TICS-592; No of Pages 6 Opinion TRENDS in Cognitive Sciences No.x Cognitive-emotional interactions Language as context for the perception of emotion Lisa Feldman Barrett, Kristen A. Lindquist and Maria Gendron Department of Psychology, Boston College, Chestnut Hill, MA, 02467, USA In the blink of an eye, people can easily see emotion in ‘sadness,’ ‘fear,’ ‘disgust,’ ‘surpri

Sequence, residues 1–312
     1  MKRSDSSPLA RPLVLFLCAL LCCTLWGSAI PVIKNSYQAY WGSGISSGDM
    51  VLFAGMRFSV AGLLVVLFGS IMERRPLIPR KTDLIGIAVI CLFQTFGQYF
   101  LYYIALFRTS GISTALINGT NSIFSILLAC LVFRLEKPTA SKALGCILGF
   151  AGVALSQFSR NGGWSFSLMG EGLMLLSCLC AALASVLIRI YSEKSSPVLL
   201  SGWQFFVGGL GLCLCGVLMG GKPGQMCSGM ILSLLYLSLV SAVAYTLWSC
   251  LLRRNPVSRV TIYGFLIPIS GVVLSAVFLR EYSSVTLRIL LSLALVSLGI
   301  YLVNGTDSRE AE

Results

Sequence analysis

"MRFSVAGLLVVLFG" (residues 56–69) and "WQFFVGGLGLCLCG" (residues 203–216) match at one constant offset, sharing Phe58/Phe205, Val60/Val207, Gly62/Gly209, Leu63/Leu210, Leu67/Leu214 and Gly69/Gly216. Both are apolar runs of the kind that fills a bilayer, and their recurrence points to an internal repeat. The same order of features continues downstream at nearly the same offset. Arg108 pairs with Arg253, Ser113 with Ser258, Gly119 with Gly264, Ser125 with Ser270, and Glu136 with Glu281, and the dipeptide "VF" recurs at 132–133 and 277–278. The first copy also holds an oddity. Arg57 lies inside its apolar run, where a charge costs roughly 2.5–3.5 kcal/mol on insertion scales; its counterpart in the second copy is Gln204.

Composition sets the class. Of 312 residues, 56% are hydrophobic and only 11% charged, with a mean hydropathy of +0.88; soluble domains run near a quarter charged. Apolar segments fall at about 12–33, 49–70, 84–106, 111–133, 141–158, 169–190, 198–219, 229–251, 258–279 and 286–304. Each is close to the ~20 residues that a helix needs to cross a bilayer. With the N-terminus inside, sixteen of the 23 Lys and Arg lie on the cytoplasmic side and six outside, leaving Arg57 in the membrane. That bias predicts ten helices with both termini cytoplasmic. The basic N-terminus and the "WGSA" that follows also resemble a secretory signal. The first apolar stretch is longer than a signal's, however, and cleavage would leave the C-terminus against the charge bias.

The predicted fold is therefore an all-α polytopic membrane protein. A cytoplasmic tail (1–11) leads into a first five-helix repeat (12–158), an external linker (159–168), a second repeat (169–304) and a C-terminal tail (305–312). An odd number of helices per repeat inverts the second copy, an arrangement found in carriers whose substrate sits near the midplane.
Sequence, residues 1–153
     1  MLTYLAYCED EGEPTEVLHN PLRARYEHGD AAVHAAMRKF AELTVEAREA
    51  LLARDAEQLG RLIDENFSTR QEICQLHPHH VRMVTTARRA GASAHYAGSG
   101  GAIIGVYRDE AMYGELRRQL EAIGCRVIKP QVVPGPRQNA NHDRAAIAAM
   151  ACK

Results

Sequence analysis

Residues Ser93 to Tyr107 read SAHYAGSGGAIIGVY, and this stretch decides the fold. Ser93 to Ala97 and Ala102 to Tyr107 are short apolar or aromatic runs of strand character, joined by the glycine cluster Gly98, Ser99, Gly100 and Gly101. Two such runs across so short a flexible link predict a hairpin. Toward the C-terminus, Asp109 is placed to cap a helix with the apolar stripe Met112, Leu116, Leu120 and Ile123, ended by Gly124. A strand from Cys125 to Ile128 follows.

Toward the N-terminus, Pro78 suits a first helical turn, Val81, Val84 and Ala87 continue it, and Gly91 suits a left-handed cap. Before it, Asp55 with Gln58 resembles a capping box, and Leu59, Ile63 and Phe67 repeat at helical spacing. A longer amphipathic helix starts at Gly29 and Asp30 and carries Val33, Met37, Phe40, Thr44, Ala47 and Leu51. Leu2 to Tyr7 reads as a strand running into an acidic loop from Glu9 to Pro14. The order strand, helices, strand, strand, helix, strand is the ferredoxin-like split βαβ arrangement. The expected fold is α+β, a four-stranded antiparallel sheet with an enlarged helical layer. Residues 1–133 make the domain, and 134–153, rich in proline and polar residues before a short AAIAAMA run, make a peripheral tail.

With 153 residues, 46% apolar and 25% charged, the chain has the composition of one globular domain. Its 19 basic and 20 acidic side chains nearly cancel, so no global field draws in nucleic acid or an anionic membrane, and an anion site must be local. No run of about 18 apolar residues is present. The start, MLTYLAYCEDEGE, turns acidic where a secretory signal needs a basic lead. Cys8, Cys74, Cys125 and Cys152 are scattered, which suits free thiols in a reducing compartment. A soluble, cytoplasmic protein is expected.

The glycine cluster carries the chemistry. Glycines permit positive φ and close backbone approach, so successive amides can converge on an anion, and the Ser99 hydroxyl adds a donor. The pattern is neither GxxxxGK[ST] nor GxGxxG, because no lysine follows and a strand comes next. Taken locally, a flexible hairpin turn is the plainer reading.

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  Cognitive-emotional interactions  Language as context for the perceptionof emotion Lisa Feldman Barrett, Kristen A. Lindquist and Maria Gendron Department of Psychology, Boston College, Chestnut Hill, MA, 02467, USA In the blink of an eye, people can easily see emotion inanother person’s face. This fact leads many to assumethat emotion perception is given and proceeds indepen-dently of conceptual processes such as language. In thispaper we suggest otherwise and offer the hypothesisthat language functions as a context in emotion percep-tion. Wereviewavarietyof evidenceconsistentwiththelanguage-as-context view and then discuss how a lin-guistically relative approach to emotion perceptionallows for intriguing and generative questions aboutthe extent to which language shapes the sensory pro-cessing involved in seeing emotion in another person’sface.Introduction During a speech in the winter of 2004, photographerscaptured a picture of Howard Dean looking enraged; thispicturecosthimhispoliticalparty’sendorsementtorunforPresidentoftheUnitedStates.ReporterswhosawDeanincontext noted that he seemed happily engaged with theanimated, cheering crowd. Such mistakes are easy tomake. The man in Figure 1a looks angry. But look again,this time at Figure 1b. You see an elated Jim Webbcelebratingthe2007electoralvictorythatreturnedcontrolof the United States Senate to the Democratic NationalParty. Or consider the fact that 60%–75% of the time,people see facial portrayals of fear as ‘angry’ when theimages are paired with contextual information typically associated with anger [1]. You can imagine the con-sequences when, in war, a soldier enters a house and seesa civilian as angry instead of fearful (or vice versa). Theseexamples illustrate the importance of context in emotionperception. Descriptions of the social situation [2], body postures,voices,scenes[3]orotheremotionalfaces[4]each influencehowemotionisseeninthefaceofanotherperson.Context refers not only to the external surroundings inwhich facial actions take place but also to parallel brainprocesses that dynamically constrain or shape how struc-tural information from a face is processed. In this opinionpiece, we focus on one such process, language, by exploring the idea that emotion words (implicitly or explicitly) serveas an internal context to constrain the meaning of a faceduring an instance of emotion perception.We begin by suggesting that the psychologicalphenomena referred to by the English words ‘anger,’‘sadness,’ ‘fear,’ ‘disgust,’ ‘surprise’ and ‘happiness’ arenot expressed as fixed patterns of facial behaviors, eventhough studies of emotion perception employ pictures of posed, highly stereotyped configurations of facial actions(or caricatures; see Box 1). In everyday life, the availablestructural information in a face is considerably more vari-able (and ambiguous) than scientists normally assume(and certainly more ambiguous than the structural infor-mation that is presented to perceivers in the typicalemotion-perceptionexperiment).Wethenconsiderpsycho-logical and neuroscience investigations that are broadly consistent with the idea that language serves as a contextto reduce the ambiguity of this information, even whencaricatured faces are being used as perceptual targets.Finally,weendbysuggestingthatthelanguage-as-contexthypothesis reframes the linguistic-relativity debate intothe more interesting question of how far down into percep-tion language can reach. The great emotions debate The ‘basic emotion’ approach Faces appear to display emotional information for you toread, like a word on a page. If you take your alacrity inseeing anger (Figure 1a) or excitement (Figure 1b) as evidence that reading emotion in faces is natural andintrinsic, then you are in good company. The ‘basicemotion’ approach is grounded in the belief that certainemotion categories are universal biological states that are(i) triggered by dedicated, evolutionarily preserved neuralcircuits (or affect programs), (ii) expressed as clear andunambiguous biobehavioral signals involving configur-ation of facial muscle activity (or ‘facial expressions’),physiological activity, instrumental behavior (or thetendency to produce a behavior) and distinctive phenom-enological experience (Figure 2), and (iii) recognized by mental machinery that is innately hardwired, reflexiveand universal, so that all people everywhere (barring organic disturbance) are born in possession of five or sixperceptually grounded emotion categories. (An alternative view might be that people are not born in possession of these categories but instead develop them as they induc-tively learn the statistical regularities in emotionalresponses.) According to the basic emotion view, ‘‘the face, as atransmitter, evolved to send expression signals that havelow correlations with one another  . . .  the brain, as adecoder, further de-correlates these signals’’ [5]. The faceis presumed to encode anger (or sadness, fear, disgust etc.) Opinion  TRENDS in Cognitive Sciences No.x Corresponding author:  Barrett, L.F. ( Available online xxxxxx. TICS-592; No of Pages 6 1364-6613/$ – see front matter    2007 Elsevier Ltd. All rights reserved. doi:10.1016/j.tics.2007.06.003 Please cite this article in press as: Barrett, L.F. et al., Language as context for the perception of emotion, Trends Cogn. Sci. (2007), doi:10.1016/j.tics.2007.06.003  in a consistent and unambiguous way so that structuralinformation on the face is sufficient for communicating aperson’s emotional state. As a consequence, experimentalstudies of emotion perception often rely on a set of fixed,exaggerated facial portrayals of emotion that weredesigned for maximum discriminability (Box 1). Heterogeneity in emotion  Therehasbeenconsiderabledebateovertheveracityofthebasic emotion model since its modern incarnation in the1960s. There is some instrument-based (facial EMG,cardiovascular and neuroimaging) evidence in support of theidea that discreteemotions have distinct biobehavioralsignatures, but there is also a considerable amount thatdoes not support this view [6]. As William James observed,not all instances that people call ‘anger’ (or ‘sadness’ or‘fear’) look alike, feel alike, or have the same neurophysio-logical signature. The implication is that emotions are notevents that broadcast precise information on the face, andfacial behaviors, viewed in isolation will be ambiguous asto their emotional meaning. Structural information fromthe face is necessary, but probably not sufficient, foremotion perception. The ‘emotion paradox’  Experience tells us, however, that people have littletrouble categorizing a myriad of heterogeneous behaviorsinto discrete emotion categories such as happiness or sad-ness.Numerousstudiessuggestthatemotionperceptioniscategorical (although these studies have all relied on car-icatured emotional faces or morphs of these faces, neitherof which capture the degree of variability that actually exists in facial behaviors during emotional events) [7,8].Taken together, the instrument- and perception-basedfindings frame an ‘emotion paradox’: People can automati-cally and effortlessly see Jim Webb as angry (Figure 1a) orelated (Figure 1b) even though sufficient information forthis judgment is not unambiguously displayed on his faceor in his body.One solution to the emotion paradox is that emotioncategories are nominal kinds (man-made categories thatareacquiredandimposedon,ratherthandiscoveredin,theworld) whose conceptual content constrains the meaning of informationavailableonthefacetoproducethepsychologi-caleventsthatpeoplecall‘anger’or‘elation’[2].Conceptualknowledge has the capacity to produce categorical percep-tion (often via automatic labeling), even when the sensory features of the stimuli do not, on their own, warrant it [9].Moreover, there is accumulating evidence that wordsground category acquisition and function like conceptualglue for the members of a category, and this might also betrueof emotioncategories (Box 2). Ourhypothesis: emotionwords (with associated conceptual content) that becomeaccessible serve to reduce the uncertainty that is inherent Figure 1 . The role of context in emotion perception (Doug Mills/The New York Times/Redux). Look at United States Senator Jim Webb in  (a) . Taken out of context, he looksagitated and aggressive. Yet look at him again in  (b) . When situated, he appears happy and excited. Without context, and with only the structural information from the faceas a guide, it is easy to mistake the emotion that you see in another person. A similar error in perception was said to have cost Howard Dean the opportunity to run forPresident of the United States in 2004. Box 1. Universal emotion expressions? Almost every introductory psychology textbook states that certainemotions are universally recognized across cultures, and thisconsensus is taken as evidence that these expressions are alsouniversally produced. Yet, people’s shared tendency to see anger inthe face of Jim Webb (Figure 1a) may be produced, in part, by themethods that scientists use to study emotion perception [14]. Themajority of emotion perception studies still use decontextualized,static photographs of professional or amateur actors posingcaricatures (or extreme versions) of facial configurations thatmaximize the distinction between categories and are more readilycategorized in comparison with prototypes (or the average or mostcommon facial behaviors) (for a discussion how caricaturesinfluence categorization, see [31]).These caricatures are rarely seen in everyday life [32]. Perceiversreport having minimal experience of caricatures of fear, disgust andsurprise (and to some extent anger) over their lifetime [33]. Movieactors noted for their realism do not use these caricaturedconfigurations to portray emotion [34].People fail to produce these caricatures when asked to portrayemotion on their faces. Congenitally blind infants [35], children [36] and adults [37] produce only a limited number of the predicted facialaction units when portraying emotion, and they almost neverproduce an entire configuration of facial action units; but thenneither do sighted people [37] (This is also the case withspontaneous facial behaviors [38].) In one recent study, 100participants were asked to adopt facial depictions of anger, sadness,fear, surprise and happiness, and only 16% of portrayals could beidentified with a high degree of agreement between raters [39].The fact that congenitally blind individuals can produce any facialactions at all may, for some, constitute evidence for the existence of endowed affect programs, but there are alternative explanations.Many of the same facial muscle movements also occur randomly inblind individuals and appear to have no specific emotional meaningover and above an increased level of arousal [37]. Furthermore, thestatisticalregularitiesintheuseofcolorwordsallowblindindividualsto draw some inferences about color in the absence of sensory input[40], and presumably the same would hold true for emotion. 2  Opinion  TRENDS in Cognitive Sciences No.x TICS-592; No of Pages 6 Please cite this article in press as: Barrett, L.F. et al., Language as context for the perception of emotion, Trends Cogn. Sci. (2007), doi:10.1016/j.tics.2007.06.003  in most natural facial behaviors and constrain theirmeaningtoallowforquickandeasyperceptionsofemotion. Evidence for the role of language in emotionperception Somestudiesareconsistentwith, butnotnecessarilydirectevidence for, the language-as-context hypothesis. Forexample, a recent meta-analysis of neuroimaging studies[10] found that inferior frontal gyrus (IFG), extending fromthe pars opercularis (Broca’s area, BA 44) through parstriangularis(BA45)andparsorbitalisontheinferiorfrontalconvexity (BA 47/12 l), is part of the distributed neuralsystem that supports emotion perception. IFG is broadly implicated in a host of cognitive processes, including language [11] and the goal-related retrieval of conceptualknowledge [12]. The act of providing an emotional label tocaricatured emotional faces (as opposed to a gender label)increasesneural activityin rightIFG and produces a corre-sponding decrease in amgydala response[13]. This reduc-tion in amgydala response can be thought of as reflecting areduced ambiguity in the meaning of the structural infor-mation from the face.Otherstudies offerevidencethatmoredirectly supportsthe language-as-context hypothesis, even when people view caricatured portrayals. Failure to provide perceiverswith a small set of emotion labels to choose from when judging caricatures (i.e. requiring participants to freelabel) significantly reduces ‘recognition accuracy’ [14],leading to the conclusion that emotion words (when they are offered) are constraining people’s perceptual choices. A similar effect can be observed in event-related potential(ERP) studies of emotion perception. Early ERPs resulting from structural analysis of a face (as early as 80 ms, buttypically between 120 and 180 ms after stimulus onset,depending on whether the face is presented fovially orparafoveally) do not distinguish caricatured portrayals of discrete emotions from one another but instead reflect thecategorization of the face as a face (vs a non-face), asgenerally affective (neutral vs valenced), as valenced(e.g. happyvs sad), or asportraying somedegreeofarousal(for reviews, see [15–17]). Yet when participants explicitly categorize caricatures as ‘anger’ or ‘fear’, P1 and N170ERPs are differentially sensitive to anger and fear facesthat were incongruously paired with fear and anger body postures, suggesting that these components distinguishedbetween the two emotion categories. Presumably, partici-pants would need to perceive that the faces and bodieswere associated with different emotion categories to seethem as incongruous [18].In addition, emotion words cause a perceptual shift inthe way that faces are seen. Morphed faces depicting anequal blend of happiness and anger are encoded as angrierwhenthosefacesarepairedwiththeword‘angry’,andthey areencodedasevenangrierwhenparticipantsareaskedtoexplain why those faces are angry  [19]. In addition, thepatternofneuralactivityassociatedwithjudginganeutralface as fearful or disgusted is similar (although not iden-tical) to the pattern associated with looking at caricaturedfearful and disgusted faces (Figure S2 in online supple-mentary materials for [20]).Possibly the most direct experimental evidence for thelanguage-as-context hypothesis comes from studies thatmanipulate language and look at the resulting effects onemotion perception. Verbalizing words disrupts the ability to make correct perceptual judgments about faces, pre-sumably because it interferes with access to judgment-necessary language [21]. A temporary reduction in theaccessibility of an emotion word’s meaning (via a semanticsatiation procedure, Figure 3) leads to slower and lessaccurate perceptions of an emotion, even when partici-pants are not required to verbally label the target faces[22]. Implications In this paper, we have suggested that people usually gobeyond the information given on the face when perceiving emotion in another person. Emotion perception is shapedby the external context that a face inhabits and by the Figure 2 . The natural-kind model of emotion (adapted from [2] with permission). A natural-kind model of emotion states that emotions are triggered by an event and areexpressed as a recognizable signature consisting of behavioral and physiological outputs that are coordinated in time and correlated in intensity [54–56]. Presumably, thesepatterns allow people (including scientists) to know an emotion when they see it by merely looking at the structural features of the emoter’s face. Opinion  TRENDS in Cognitive Sciences No.x 3 TICS-592; No of Pages 6 Please cite this article in press as: Barrett, L.F. et al., Language as context for the perception of emotion, Trends Cogn. Sci. (2007), doi:10.1016/j.tics.2007.06.003  internal context that exists in the mind of the perceiverduring an instance of perception. Language’s role inemotion perception, however unexpected, is consistentwith emerging evidence of its role in color perception[23],thevisualizationofspatiallocations[24],timepercep- tion [25] and abstract inference [26]. In our view, language is linked to conceptual knowledge about the world that isderivedfrompriorexperienceandthatisre-enactedduring perception [27]. It may be that all context influencesemotion perception via such conceptual knowledge, butthat remains to be seen.Outstanding questions remain regarding the role of language in perception of emotion (see Box 3). From our view, the language-as-context hypothesis is generativebecause it moves past the debate between the strong  version of linguistic relativity (which is untenable) andthe weak version (which some consider less interesting)into a more interesting question of process: how far downinto perceptual processing does language reach?One possibility is that language has its influence at acertain stage of stimulus categorization, where memory-based conceptual knowledge about emotion is being brought to bear on an already formed percept (an existing perceptual categorization that is computed based on thestructuralconfigurationoftheface).Languagemayhelptoresolvecompeting‘perceptualhypotheses’thatarisefromastructural analysis, particularly when other contextualinformation fails to do so or when such information isabsent altogether. A second, perhaps more intriguing, possibility is thatlanguage contributes to the construction of the emotionalpercept by dynamically reconfiguring how structural infor-mationfromthefaceisprocessed.Researchersincreasingly  Box 2. The power of a word Early in the 20th century, Hunt observed that ‘the only universalelement in any emotional situation is the use by all the subjects of acommon word, i.e .  ‘‘fear’’ [41]. Little did Hunt realize that a wordmay be enough. Words have a powerful impact on a person’s abilityto group together objects or events to form a category (i.e. categoryacquisition), even a completely novel category [42]. When an infantis as young as 6 months, words guide categorization of animals andobjects by directing the infant to focus on the obvious and inferredsimilarities shared by animals or objects with the same name[43,42]. Xu, Cote and Baker [44] refer to words as ‘essence placeholders’ because a word allows an infant to categorize a newobject as a certain kind and to make inductive inferences about thenew object on the basis of prior experiences with other objects of the same kind. On the basis of these findings, we can hypothesizethat emotion words anchor and direct a child’s acquisition of emotion categories [2] and play a central role in the process of seeing a face as angry, afraid or sad, even in prelinguistic infants.Studies of emotion perception in infants do nothing to render thishypothesis implausible. Contrary to popular belief, these studies donot conclusively demonstrate that infants distinguish betweendiscrete emotion categories. Infants categorize faces with differentperceptual features as distinct (e.g. closed vs toothy smiles) evenwhen they belong to the same emotion category [45], and no studiescan rule out the alternative explanation that infants are categorizingfaces based on the valence, intensity or novelty (especially in thecase of fear) of the facial configurations. For example, infants looklonger at fear (or anger, or sad) caricatures after habituation tohappy caricatures, but this increased looking time might reflect theirability to distinguish between faces of different valence (e.g. [46]).Similarly, infants look longer at a sad face after habituation to angryfaces (or vice versa), but infants might be categorizing the faces interms of arousal (e.g. [47], Experiment 3). Many studies find thatinfants tend to show biased attention to fear caricatures [e.g. 46]),but this is probably driven by the fact that infants rarely see peoplemaking these facial configurations.No experiment to date has studied specific links between theacquisition of specific emotion words and the perception of thecorresponding category in very young children, but existing studiesprovide some clues. General language proficiency and exposure toemotion words in conversation play a key role in helping childrendevelop an understanding of mental states, such as emotions, andallows them to attribute emotion to other people on the basis of situational cues (e.g. [48]). Children with language impairment (butpreserved cognitive, sensory and motor development) have moredifficulty with emotion perception tasks [49], as do hearing-impairedchildren with linguistic delays (such children show reducedperceptual sensitivity to the onset of emotional expressions asmeasured with a morph movies task [50]). Most telling, youngchildren (two to seven year olds) find it much easier to match aphoto of a human face posing an emotion (such as in Figure 1a) toan emotion word (such as ‘anger’) than to a photo of another humanface depicting the same emotion [51]. Figure 3 . Semantic-satiation paradigm. Participants in [22] performed a number of trials in which they repeated an emotion word such as ‘anger’ aloud either threetimes (temporarily increasing its accessibility) or 30 times (temporarily reducing itsaccessibility), after which they were asked to judge whether two faces matched ordid not match in emotional content. Participants were slower and less accurate tocorrectly judge emotional faces (e.g. two anger faces) as matching when they hadrepeated the relevant emotion word (e.g. ‘anger’) 30 times (i.e. when the meaningof the word was made temporarily inaccessible). By examining response times andaccuracy rates for various trial types, researchers were able to rule out fatigue asan alternative explanation for the observed effects (e.g. emotion perception wassimilarly encumbered when participants repeated an irrelevant emotion wordeither three or 30 times, whereas fatigue would have caused a decrease only whenthe word was repeated 30 times). Box 3. Outstanding questions 1. Do emotion words anchor the conceptual system for emotionand support emotion-category acquisition in infants?2. How does language shape the sensory-based (bottom-up)versus. memory-based (top-down) processes supporting theperception of emotion?3. Does the influence of language on emotion perception vary withcontext or task demands?4. Do individual (or cultural) differences in emotion vocabularytranslate into differences in structure and content of theconceptual system for emotion and into differences in emotionperception?5. Can emotion perception be improved by language-based trainingprograms? 4  Opinion  TRENDS in Cognitive Sciences No.x TICS-592; No of Pages 6 Please cite this article in press as: Barrett, L.F. et al., Language as context for the perception of emotion, Trends Cogn. Sci. (2007), doi:10.1016/j.tics.2007.06.003